Bizic’s apartment in Aleppo Township contains hundreds of documents and photos related to the mission. Of Serbian descent, she has been recognized many times for her efforts to preserve the culture and for her work in education. Bizic maintains a blog, which includes many historic documents, at

With the 75th anniversary of Operation Halyard approaching, Bizic started to make plans to travel to Serbia for the dedication being planned there. When family members couldn’t join her, she called up a friend.

“I had told Mim, ‘If you want to go the library or something, I’ll go with you,’ ” said state Rep. Valerie Gaydos, a Sewickley native. “Fast forward, all of the sudden, she gives me a call. ‘Would you go to Serbia with me?’ I said, ‘Mim, I was talking about going to a museum, or something.’ ”

Though the ceremony was only three weeks away, Gaydos made the trip happen. A longtime volunteer with Honor Flight Network, a nonprofit that transports veterans to Washington, D.C., to visit memorials, Gaydos was helping out with one of the flights and visiting the National Air and Space Museum this past year when she came across a book — “The Forgotten 500: The Untold Story of the Men Who Risked All for the Greatest Rescue Mission of World War II” by Gregory A. Freeman.

“There were so many connections to Pittsburgh,” she said. “When I saw that, I got really interested. My dad was a dentist in Ambridge, where Arthur Jibilian went to school.”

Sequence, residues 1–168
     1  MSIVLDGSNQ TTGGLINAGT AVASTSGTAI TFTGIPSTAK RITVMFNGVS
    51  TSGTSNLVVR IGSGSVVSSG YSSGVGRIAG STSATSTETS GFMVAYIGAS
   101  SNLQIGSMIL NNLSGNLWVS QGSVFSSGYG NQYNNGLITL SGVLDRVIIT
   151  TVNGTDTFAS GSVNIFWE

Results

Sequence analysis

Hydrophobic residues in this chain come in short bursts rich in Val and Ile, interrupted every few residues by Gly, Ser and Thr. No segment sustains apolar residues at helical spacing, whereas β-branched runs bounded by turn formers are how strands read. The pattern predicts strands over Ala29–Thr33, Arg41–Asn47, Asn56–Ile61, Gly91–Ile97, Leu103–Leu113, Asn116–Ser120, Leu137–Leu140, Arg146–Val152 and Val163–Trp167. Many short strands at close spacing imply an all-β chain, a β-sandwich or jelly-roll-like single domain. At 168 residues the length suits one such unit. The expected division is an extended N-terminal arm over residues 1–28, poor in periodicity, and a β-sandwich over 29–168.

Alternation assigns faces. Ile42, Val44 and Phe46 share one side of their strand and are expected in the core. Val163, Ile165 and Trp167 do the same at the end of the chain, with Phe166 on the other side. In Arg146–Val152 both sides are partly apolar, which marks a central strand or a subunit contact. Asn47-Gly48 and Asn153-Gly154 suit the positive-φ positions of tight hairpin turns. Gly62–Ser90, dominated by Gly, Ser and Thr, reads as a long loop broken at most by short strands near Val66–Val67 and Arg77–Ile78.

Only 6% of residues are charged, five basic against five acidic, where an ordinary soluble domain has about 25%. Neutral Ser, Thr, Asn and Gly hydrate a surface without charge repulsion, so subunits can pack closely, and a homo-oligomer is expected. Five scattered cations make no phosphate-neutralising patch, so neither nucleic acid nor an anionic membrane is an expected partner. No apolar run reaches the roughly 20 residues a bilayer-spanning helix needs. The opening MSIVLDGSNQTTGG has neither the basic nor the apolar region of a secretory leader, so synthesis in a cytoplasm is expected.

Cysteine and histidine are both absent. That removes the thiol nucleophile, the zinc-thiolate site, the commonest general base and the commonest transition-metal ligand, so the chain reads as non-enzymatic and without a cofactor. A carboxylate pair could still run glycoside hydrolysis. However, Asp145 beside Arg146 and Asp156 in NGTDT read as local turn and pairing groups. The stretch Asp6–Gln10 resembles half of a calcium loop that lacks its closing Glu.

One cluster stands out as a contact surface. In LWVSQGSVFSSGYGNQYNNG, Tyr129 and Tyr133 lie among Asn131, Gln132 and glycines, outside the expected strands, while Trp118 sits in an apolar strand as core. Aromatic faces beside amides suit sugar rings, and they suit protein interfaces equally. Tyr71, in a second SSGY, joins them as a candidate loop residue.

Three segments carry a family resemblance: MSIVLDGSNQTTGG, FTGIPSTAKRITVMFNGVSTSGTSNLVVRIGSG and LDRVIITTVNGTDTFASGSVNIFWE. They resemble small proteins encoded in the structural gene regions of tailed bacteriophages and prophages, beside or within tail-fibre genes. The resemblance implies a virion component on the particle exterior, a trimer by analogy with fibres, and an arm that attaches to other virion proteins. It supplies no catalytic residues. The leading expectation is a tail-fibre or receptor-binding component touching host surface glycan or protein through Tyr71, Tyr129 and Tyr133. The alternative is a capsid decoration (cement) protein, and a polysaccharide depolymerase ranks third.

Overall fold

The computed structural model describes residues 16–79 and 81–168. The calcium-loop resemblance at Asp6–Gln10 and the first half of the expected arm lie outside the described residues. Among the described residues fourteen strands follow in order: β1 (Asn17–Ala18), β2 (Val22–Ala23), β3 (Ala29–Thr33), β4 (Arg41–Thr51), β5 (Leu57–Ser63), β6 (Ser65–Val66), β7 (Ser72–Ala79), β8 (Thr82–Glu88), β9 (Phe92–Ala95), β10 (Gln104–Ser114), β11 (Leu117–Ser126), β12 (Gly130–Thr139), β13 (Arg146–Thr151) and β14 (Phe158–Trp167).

The story left an impression on Gaydos, who, in interviews while campaigning for office, talked about the book.

“It’s a really powerful story. It’s about doing the right thing, regardless of politics,” she said.

Bizic saw one of the interviews and reached out to Gaydos about her connection to the “Forgotten 500” men. Later, when she couldn’t find a companion for the Serbia trip, she thought of Gaydos.

The women paid a visit to Walpusk, a retired state trooper who lives in Moon Township. Now in his 90s, Walpusk was one of the men rescued in the mission.

“To have a conversation with Carl, and hearing first-hand his appreciation for the people who saved his life, that’s what was special,” said Gaydos, who paid for the trip personally. “As a legislator, I go to a lot of celebrations. This was made real because of having that connection with Carl.”

On Sept. 15, Bizic and Gaydos walked upon the same airfield from which the airmen were rescued. Thousands of people gathered for the anniversary, including a man who was just a boy when the airmen were taken in by his village, and President of Serbia Aleksandar Vucic, who addressed the crowd and talked one-on-one with Bizic.

During their whirlwind, four-day trip, Gaydos presented a proclamation from the Pennsylvania House of Representatives to the school in Pranjani and Maja Gojković, president of the National Assembly of Serbia.

Gaydos, whom Bizic called her “guardian angel” on the trip, said an event to honor Walpusk is in the works. She is grateful for the opportunity to represent Pennsylvania and express gratitude to the many who aided the airmen. She said the experience is all thanks to Bizic.

“Mim doesn’t wake up, she launches. I was so delighted to see her excitement,” Gaydos said. “This is something she wanted to do. It was beyond her dreams. That made it really special.”

For Bizic, it was the trip of a lifetime.

“It’s a dream come true,” Bizic said in a video posted to social media. “I knew the story well. All the people in the OSS were my friends through my father.

“Thank you for the opportunity,” she said with tears streaming down her face. “I loved it.”